Ralph Edwards - Fri, 14 Apr 1995
Holmes seems to view Milverton with special
loathing, chiefly because of the nature of his crime (blackmail, rather
than mere murder) though perhaps also because of the oily pleasure with
which he does his evil deeds. And yet to deal with the case, he stoops
to a form of love and betrayal not very different from what must have befallen
Milverton's victims, and he laughs as he does it. What moral distinction
can be made?
Psssst! Wanna buy a compromising letter? Read The Adventure of Charles Augustus Milverton this weekend, and then answer that question. While you're at it, give some thought to the following questions, and comments, as you turn the pages:
The coming week's Adventure is not about
a rough with a bludgeon. It's about a man who "'methodically and at his
leisure tortures the soul and wrings the nerves in order to add to his
already swollen money-bags.'" This is Charles Augustus Milverton, "'the
worst man in London,'" a pitiless blackmailer who threatens to cause the
cancellation of the forthcoming wedding of the beautiful Lady Eva Blackwell
to the Earl of Dovercourt.
As the Adventure opens, Holmes is put in the unsavory position of an intermediary trying to negotiate the price for which Milverton will surrender several "sprightly" letters which compromise Lady Eva. Despite his best efforts, no agreement is reached, and an effort to wrest the letters from Milverton by force is foiled when the blackmailer displays a large revolver and expresses his intent to use it should force be attempted.
Frustrated beyond measure, Holmes makes a crucial decision to become a felon in the eyes of the law by cracking Milverton's safe, in which the letters of Lady Eva are kept. The loyal Watson persuades Holmes to allow him to take part in the enterprise. As the burglary proceeds, an unexpected and bloody turn of events leaves Milverton dead and Holmes and Watson fleeing from the pursuit of Milverton's household servants.
In a few minutes the Mâitre de Chasse will loose the Hounds upon a quest for the facts surrounding Milverton's death. The mystery is not how the blackmailer died, but at whose hand?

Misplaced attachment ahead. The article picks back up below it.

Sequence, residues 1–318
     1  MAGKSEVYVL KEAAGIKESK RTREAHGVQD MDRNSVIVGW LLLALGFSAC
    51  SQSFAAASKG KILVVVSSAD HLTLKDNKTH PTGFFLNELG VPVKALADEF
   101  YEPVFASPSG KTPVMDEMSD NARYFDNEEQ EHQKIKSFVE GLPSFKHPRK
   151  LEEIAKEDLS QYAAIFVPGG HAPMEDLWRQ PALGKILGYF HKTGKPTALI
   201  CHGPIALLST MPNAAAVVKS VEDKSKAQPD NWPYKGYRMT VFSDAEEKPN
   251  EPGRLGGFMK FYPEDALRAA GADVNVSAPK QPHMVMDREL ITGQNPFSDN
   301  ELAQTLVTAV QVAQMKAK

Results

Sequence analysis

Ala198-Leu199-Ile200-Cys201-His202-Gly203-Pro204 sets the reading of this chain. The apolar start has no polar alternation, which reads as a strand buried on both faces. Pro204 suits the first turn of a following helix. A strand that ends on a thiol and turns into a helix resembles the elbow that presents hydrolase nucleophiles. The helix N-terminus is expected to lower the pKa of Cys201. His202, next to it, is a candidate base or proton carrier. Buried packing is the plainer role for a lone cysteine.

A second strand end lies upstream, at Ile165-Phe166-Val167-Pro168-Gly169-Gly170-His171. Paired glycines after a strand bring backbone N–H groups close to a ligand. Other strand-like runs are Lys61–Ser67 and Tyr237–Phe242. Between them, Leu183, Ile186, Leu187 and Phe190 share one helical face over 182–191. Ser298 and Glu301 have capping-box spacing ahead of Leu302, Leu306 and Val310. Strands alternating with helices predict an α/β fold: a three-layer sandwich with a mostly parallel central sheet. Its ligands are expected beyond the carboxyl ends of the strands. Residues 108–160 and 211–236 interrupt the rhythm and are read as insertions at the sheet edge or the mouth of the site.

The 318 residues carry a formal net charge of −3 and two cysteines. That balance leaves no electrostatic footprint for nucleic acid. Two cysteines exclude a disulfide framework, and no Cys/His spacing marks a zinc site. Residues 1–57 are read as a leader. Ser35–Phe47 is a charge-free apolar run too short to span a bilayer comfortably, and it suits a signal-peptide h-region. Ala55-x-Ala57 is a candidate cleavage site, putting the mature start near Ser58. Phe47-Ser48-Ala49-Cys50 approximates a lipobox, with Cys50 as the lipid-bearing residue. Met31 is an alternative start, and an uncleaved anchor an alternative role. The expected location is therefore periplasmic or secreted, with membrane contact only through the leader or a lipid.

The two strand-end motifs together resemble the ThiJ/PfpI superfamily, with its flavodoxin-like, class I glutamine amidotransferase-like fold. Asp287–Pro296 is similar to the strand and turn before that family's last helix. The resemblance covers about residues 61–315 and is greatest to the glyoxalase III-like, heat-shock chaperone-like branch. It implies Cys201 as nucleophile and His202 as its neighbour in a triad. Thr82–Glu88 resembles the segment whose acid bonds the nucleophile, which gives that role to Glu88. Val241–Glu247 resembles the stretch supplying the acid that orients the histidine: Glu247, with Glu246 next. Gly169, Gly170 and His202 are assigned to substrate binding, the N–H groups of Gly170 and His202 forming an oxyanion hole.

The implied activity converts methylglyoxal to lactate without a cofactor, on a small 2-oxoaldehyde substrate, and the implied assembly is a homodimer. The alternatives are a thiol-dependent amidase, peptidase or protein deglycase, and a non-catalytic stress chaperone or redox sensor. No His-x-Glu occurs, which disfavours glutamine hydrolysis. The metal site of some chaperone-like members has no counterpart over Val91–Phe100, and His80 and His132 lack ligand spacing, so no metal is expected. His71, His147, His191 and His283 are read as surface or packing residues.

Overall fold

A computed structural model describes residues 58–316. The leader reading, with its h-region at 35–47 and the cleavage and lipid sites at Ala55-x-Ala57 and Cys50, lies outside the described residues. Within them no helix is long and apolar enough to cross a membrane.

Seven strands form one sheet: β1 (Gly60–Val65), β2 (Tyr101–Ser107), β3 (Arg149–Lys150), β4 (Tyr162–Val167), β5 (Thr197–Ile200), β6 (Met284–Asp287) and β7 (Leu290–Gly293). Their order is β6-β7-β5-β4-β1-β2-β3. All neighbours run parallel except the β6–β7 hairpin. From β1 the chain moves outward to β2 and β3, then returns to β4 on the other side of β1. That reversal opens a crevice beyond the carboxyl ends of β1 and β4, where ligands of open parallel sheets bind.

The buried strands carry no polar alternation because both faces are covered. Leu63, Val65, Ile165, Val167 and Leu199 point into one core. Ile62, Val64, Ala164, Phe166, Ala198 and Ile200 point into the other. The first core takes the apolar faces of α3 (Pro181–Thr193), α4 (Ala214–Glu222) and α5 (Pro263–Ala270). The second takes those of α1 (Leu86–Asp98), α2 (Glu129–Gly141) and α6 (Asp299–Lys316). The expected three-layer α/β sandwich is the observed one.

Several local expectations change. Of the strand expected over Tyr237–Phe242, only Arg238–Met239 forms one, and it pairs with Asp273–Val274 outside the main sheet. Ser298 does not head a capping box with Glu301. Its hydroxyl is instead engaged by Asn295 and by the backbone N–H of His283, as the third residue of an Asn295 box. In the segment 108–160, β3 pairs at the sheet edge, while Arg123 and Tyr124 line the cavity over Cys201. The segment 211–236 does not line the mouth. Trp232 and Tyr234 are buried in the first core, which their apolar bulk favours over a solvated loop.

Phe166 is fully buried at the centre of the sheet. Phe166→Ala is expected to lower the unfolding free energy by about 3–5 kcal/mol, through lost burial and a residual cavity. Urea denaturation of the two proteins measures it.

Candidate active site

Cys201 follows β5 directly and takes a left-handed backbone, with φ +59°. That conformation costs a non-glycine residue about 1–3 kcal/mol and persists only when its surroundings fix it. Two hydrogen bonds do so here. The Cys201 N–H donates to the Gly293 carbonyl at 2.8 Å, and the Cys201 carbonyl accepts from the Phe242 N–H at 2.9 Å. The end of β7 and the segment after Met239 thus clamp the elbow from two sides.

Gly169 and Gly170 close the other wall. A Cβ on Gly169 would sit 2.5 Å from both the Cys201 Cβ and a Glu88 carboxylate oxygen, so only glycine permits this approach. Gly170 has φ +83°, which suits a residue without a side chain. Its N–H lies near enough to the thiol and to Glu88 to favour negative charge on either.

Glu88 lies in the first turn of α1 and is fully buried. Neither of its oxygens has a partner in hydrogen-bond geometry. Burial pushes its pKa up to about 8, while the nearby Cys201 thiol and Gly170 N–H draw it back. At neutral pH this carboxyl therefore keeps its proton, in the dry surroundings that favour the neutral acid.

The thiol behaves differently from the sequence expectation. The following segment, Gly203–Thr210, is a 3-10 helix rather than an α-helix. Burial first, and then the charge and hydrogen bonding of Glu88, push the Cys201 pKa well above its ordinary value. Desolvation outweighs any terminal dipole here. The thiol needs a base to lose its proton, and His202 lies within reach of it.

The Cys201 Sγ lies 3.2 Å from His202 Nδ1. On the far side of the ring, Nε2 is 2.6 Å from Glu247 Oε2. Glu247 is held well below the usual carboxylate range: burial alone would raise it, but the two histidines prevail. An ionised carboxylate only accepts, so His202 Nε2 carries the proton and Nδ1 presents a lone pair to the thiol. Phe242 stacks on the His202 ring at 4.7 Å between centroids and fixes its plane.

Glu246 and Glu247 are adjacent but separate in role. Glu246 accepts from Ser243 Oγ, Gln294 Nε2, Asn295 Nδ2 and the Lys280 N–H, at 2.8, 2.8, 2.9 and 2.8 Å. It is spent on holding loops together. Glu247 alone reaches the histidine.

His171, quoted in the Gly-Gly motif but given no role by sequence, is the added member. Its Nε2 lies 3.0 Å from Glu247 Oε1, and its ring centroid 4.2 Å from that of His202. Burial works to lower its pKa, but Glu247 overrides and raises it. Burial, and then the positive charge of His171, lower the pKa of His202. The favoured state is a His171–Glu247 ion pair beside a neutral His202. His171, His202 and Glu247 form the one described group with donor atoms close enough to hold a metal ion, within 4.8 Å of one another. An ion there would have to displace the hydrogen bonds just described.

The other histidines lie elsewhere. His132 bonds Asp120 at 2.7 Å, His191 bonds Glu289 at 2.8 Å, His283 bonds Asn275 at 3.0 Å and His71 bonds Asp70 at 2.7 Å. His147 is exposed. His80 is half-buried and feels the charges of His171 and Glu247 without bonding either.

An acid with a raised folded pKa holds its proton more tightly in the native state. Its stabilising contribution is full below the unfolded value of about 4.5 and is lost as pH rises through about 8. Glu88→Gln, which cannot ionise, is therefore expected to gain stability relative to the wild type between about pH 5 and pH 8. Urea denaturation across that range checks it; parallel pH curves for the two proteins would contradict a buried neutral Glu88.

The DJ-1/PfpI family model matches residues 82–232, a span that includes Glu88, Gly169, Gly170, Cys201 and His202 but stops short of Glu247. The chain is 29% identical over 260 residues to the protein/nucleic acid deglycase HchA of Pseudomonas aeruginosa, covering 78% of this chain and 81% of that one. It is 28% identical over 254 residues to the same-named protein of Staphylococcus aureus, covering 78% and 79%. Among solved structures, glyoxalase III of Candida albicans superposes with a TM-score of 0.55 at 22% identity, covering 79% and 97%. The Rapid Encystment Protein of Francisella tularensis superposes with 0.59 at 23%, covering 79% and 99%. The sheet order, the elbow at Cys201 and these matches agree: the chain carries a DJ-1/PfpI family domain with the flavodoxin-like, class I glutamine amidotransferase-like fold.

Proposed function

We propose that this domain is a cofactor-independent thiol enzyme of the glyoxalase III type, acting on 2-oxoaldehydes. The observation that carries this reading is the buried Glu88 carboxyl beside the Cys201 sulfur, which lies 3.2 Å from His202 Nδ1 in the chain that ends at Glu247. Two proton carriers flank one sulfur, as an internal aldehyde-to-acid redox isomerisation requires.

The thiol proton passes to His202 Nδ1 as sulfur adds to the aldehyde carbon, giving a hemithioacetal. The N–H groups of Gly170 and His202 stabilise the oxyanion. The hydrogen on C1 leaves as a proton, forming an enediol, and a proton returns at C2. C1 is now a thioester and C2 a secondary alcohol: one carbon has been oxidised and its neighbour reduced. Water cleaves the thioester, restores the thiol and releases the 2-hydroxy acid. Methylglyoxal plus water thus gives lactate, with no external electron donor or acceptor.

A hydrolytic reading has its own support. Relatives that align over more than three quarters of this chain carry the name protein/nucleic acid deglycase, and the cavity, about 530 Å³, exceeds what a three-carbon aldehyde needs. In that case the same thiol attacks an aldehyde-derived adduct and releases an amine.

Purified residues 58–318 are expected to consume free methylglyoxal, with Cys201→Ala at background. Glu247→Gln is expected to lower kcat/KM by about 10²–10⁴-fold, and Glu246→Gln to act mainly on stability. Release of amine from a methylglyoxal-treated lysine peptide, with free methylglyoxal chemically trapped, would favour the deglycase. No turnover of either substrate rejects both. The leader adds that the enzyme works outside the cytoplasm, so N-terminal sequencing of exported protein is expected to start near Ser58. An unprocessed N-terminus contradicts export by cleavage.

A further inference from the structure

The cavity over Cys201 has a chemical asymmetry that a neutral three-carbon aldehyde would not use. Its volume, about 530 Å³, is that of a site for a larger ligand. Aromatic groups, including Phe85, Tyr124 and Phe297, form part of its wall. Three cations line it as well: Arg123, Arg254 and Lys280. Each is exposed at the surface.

Like the counterfeiter, the blackmailer
is in a class by himself as a public danger. I suspect that few if any
of us could find it in our hearts to pity Charles Augustus Milverton for
his violent departure from this earth. Evidently, he was unmarried, and
I have sometimes wondered what happened to the contents of his "swollen
money-bags" after his demise.
Brad Keefauver - Thu, 12 Apr 2001
Even though Watson says that Milverton's killer had died before this story was published in 1904, might it not have been possible to ascertain the identity of his murderess by discovering which widowed peeress(es) had died recently, and going back five years to determine which of their husbands had died in 1899? Is this another case of Watson "telling all" when possible survivors in the family might be embarrassed?
Says Holmes, "'Heaven help the man, and still more the woman, whose secret and reputation come into the power of Milverton.'" Whyso a woman more than a man?
If Agatha locked the dog up so that "Escott" could have a "clear run" at meeting her clandestinely, wouldn't she have been waiting up for her "fiancée" on the night of the burglary? Another thought: What if Agatha had connected her master's murder with the sudden disappearance of the ardent "Escott" and given the police a description of the man who showed inordinate interest in Milverton's habits and the grounds surrounding Appledore Towers? Apparently, Holmes discounted this contingency, but was he justified in doing so?
When Watson discovered that the outer door to Milverton's study was in fact unlocked, Holmes formed a contingency plan, whispered to Watson, that included hiding behind the drapes in Milverton's study should anyone chance to interrupt before he had opened the safe. Was this a wise strategy?
We know that Milverton's killer was a woman of high social postion, but does "a high diamond tiara" and "Court dress" indicate some level of royalty?
Finally, from a purely literary standpoint, was it necessary for Watson to accompany Holmes on his excursion into burglary?
Rosemary Michaud - Thu, 17 Feb 2000
Return to Introducing the 60 Stories
Brad Keefauver - Thu, 12 Apr 2001